Skip to content

What is the difference between an easement and an assignment?

  • by

The Easement – Most lease buyout companies prefer to obtain an easement on the Property to secure their interests in the lease and their right to sublease space within the easement in the future. The easement can either be a perpetual easement or a fixed easement.

Perpetual – Most lease buyout companies will seek a “perpetual” easement. Depending on the state the cell site is located, perpetual has different meanings. For example, in California, “perpetual” will mean 99 years, whereas in some other states, the easement will be in place as long as the rule against perpetuities is not violated. Usually, property owners receive the largest purchase price for the granting of a perpetual easement, however, whether to grant such a term is a question for careful consideration. Depending on your future plans with the property, in some instances, a perpetual easement may be a good idea. One such example is where a cell site exists on raw land that will not be developed and where the underlying property has a low value. However, if the cell site is on a building rooftop and the property upon which the building sits will be redeveloped in future, then granting a perpetual easement may not be the right fit.
Fixed Term – The majority of property owners we represent grant a fixed year easement interest to lease buyout companies. Our clients typically find that they can agree to a specific number of years to maximize the value of the cell site lease, while still allowing for some flexibility in the foreseeable future. While the perpetual easement takes the cell site out of the future of most heirs alive today, a fixed year easement will allow the cell site easement area to revert to either the original Grantors or their heirs. Thus, depending on estate planning or future property development, the fixed term offers the ideal term with a near term high return on investment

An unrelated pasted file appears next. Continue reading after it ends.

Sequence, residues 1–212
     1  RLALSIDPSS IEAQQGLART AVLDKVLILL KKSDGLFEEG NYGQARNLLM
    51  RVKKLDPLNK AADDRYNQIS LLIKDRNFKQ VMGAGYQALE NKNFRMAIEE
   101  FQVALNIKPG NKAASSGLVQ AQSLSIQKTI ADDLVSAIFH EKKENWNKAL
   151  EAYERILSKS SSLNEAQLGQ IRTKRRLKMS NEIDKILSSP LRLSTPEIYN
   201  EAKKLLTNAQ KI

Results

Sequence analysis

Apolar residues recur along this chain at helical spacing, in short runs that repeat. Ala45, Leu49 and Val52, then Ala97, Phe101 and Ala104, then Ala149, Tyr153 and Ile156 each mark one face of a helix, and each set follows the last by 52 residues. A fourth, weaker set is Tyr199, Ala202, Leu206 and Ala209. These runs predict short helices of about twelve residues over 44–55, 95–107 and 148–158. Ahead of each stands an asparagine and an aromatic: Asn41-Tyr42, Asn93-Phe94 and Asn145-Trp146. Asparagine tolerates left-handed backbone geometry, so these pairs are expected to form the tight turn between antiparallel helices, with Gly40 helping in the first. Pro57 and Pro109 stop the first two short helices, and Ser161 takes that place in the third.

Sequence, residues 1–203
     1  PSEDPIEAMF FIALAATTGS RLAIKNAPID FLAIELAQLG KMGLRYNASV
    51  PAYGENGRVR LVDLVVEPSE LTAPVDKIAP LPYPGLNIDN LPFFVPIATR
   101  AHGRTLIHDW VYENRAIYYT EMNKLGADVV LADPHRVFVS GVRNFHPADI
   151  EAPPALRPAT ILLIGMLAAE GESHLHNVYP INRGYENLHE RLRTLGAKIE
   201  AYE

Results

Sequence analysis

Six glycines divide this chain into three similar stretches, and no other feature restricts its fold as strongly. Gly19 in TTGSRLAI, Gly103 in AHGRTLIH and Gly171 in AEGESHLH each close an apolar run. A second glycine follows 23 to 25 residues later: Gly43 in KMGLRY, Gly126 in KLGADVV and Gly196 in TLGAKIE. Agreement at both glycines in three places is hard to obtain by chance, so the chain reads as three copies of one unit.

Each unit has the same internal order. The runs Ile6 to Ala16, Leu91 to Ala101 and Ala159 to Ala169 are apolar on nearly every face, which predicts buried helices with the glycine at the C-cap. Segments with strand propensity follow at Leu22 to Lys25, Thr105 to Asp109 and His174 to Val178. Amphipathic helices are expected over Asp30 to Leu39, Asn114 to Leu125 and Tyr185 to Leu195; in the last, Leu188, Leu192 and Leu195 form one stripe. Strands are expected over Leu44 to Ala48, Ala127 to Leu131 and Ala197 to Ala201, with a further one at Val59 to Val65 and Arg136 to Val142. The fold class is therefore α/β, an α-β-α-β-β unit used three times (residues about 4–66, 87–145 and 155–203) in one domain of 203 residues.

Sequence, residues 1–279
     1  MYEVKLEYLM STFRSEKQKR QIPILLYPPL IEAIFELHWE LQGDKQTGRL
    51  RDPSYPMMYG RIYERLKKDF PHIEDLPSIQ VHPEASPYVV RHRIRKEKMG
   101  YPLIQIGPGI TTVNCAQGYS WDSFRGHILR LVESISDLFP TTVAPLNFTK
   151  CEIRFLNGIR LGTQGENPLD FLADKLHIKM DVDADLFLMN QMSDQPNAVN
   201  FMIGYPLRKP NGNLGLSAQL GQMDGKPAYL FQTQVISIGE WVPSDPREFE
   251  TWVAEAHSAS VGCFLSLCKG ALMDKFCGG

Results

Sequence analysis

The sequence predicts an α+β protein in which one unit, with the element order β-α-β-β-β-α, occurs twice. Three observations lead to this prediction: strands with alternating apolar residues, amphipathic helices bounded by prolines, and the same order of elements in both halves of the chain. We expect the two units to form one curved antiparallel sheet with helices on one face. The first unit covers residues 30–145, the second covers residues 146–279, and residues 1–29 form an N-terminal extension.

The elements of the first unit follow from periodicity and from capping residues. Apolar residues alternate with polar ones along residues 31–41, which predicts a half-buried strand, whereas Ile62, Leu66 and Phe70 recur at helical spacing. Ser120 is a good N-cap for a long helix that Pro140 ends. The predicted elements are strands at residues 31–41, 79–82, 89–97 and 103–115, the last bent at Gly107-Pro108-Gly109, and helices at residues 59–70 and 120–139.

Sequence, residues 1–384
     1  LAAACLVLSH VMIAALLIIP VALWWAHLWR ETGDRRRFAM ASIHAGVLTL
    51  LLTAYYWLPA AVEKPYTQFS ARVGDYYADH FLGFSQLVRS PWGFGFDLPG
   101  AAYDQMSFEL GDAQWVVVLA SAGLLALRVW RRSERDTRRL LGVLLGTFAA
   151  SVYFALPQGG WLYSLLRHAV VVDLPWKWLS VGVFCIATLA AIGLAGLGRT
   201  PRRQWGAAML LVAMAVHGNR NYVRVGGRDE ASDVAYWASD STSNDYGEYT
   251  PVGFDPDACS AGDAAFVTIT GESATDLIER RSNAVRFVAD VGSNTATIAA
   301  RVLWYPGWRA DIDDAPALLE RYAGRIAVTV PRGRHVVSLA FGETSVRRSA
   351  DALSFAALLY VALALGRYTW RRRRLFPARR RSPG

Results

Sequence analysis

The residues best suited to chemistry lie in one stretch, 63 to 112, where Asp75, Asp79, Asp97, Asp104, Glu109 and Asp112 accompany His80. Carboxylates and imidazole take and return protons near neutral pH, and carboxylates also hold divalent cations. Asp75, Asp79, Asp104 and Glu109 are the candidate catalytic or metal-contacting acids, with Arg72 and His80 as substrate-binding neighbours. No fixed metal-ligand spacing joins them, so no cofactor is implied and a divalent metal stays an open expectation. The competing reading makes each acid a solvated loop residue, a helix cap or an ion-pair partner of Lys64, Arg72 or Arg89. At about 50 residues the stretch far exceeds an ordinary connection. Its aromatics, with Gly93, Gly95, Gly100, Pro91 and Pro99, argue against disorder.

The Assignment of Lease – A few of the lease buyout companies are willing to forego the easement and assume what amounts to a partial assignment of lease (primarily the right to receive rental revenue). The assignment of lease is also for a term certain. With the assignment, the property owner (landlord) agrees to assign certain landlord rights under the lease with the carrier to the lease buyout company. This product can be useful in certain circumstances where an easement area is not easily identified or a property owner does not want to place an easement on the title record of the property.